At this point, I took a right and followed Gulfside Trail until it met up with Mount Jefferson Loop Trail, where I took another right and followed this route up the final ascent to the summit. Along this section, the sound of Mount Washington's cog railroad whistle pierced the silence.

The summit is an open clearing, with piles of boulders along it's outer perimeter. It's on top of the tallest pile of boulders that the summit proper lies. There were views to be had in all directions. Since it was hazy, only the closer views were clear. Although I didn't see anybody else on the trails until I reached the headwall, the summit was crowded, especially the summit proper. I didn't stay on that particular crag for long due to the people congestion, the vicious black flies, and the view of the awful railroad smoke clogging the skies.

I headed over to the side of the summit where the Castle Trail starts its descent and found a great secluded seat there – a boulder with a built-in backrest. Some of the louder people could still be heard but I was the only one in that section, there were no bugs, the breeze was more refreshing, no black clouds of pollution were visible, yet it still provided fantastic vistas. I hung out here for a while and broke into my third water bottle as I ate lunch (I consumed two, 48-ounce containers of water on my climb up to the summit).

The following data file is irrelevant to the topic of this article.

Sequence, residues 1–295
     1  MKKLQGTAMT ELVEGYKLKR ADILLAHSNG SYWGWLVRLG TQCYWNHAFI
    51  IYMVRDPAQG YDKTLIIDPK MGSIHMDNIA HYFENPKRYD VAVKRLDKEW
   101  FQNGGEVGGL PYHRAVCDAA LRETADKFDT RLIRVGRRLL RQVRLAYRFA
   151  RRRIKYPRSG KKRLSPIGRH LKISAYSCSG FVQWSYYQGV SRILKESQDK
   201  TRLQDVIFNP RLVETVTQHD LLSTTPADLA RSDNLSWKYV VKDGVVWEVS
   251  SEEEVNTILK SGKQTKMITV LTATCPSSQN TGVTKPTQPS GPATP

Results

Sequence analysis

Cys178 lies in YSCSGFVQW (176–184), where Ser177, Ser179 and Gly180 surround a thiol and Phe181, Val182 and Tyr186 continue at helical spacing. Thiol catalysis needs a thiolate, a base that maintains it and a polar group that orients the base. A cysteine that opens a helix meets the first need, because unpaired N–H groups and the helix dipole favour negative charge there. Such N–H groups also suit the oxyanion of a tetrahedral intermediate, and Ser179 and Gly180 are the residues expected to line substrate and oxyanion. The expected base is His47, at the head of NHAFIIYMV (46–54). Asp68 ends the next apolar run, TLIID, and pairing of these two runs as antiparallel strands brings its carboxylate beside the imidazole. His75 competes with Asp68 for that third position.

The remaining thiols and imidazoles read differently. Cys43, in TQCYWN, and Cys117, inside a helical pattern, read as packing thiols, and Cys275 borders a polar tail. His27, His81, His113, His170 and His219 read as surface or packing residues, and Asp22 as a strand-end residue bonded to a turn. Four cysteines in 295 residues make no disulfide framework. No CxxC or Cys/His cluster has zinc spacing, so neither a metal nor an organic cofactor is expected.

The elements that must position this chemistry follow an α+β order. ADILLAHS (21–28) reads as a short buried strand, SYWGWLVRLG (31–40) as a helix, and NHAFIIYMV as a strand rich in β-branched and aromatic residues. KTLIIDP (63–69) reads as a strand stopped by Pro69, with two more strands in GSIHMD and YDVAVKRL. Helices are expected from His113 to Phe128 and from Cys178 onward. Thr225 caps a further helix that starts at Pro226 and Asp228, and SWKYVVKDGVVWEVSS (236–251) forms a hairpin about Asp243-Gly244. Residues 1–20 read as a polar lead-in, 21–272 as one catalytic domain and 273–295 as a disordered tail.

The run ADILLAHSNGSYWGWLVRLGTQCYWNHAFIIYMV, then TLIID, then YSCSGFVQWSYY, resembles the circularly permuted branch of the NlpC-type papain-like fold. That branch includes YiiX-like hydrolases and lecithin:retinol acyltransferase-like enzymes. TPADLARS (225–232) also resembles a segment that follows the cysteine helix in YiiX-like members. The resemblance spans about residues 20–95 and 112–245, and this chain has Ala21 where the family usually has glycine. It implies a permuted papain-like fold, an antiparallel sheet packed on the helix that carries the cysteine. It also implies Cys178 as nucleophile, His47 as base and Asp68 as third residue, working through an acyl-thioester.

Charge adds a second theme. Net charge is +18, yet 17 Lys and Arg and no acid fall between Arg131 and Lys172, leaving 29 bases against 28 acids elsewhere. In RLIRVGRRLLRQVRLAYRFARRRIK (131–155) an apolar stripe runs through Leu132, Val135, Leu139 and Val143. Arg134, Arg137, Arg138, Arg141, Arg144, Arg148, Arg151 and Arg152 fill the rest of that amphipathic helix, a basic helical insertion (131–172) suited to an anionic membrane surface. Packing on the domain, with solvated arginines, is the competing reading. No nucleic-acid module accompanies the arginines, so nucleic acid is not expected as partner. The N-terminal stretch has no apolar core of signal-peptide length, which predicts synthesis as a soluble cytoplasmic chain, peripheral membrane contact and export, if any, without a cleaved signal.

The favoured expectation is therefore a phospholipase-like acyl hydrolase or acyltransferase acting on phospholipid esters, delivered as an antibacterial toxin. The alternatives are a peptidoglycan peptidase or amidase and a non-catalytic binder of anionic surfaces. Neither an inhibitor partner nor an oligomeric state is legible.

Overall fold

Looking back up to Mt. Jefferson (photo by Webmaster)

Leaving the summit, I was pleased to discover that over the first mile of my descent of Castle Trail provided me with never ending views. The ridge I walked upon formed one arm of the ravine that I had earlier hiked up. It was neat to be walking upon what I had earlier looked up at; and looking down at what I had earlier walked upon. From this ridge, the roar of the brook below could again be heard.

The first 1.5 miles of the descent was slow due to the challenging footing over the piles of rocks. Shortly after entering the woods the footing became much easier with only occasional rough spots. Eventually the trail became quite gradual and I jogged much of the last couple of miles.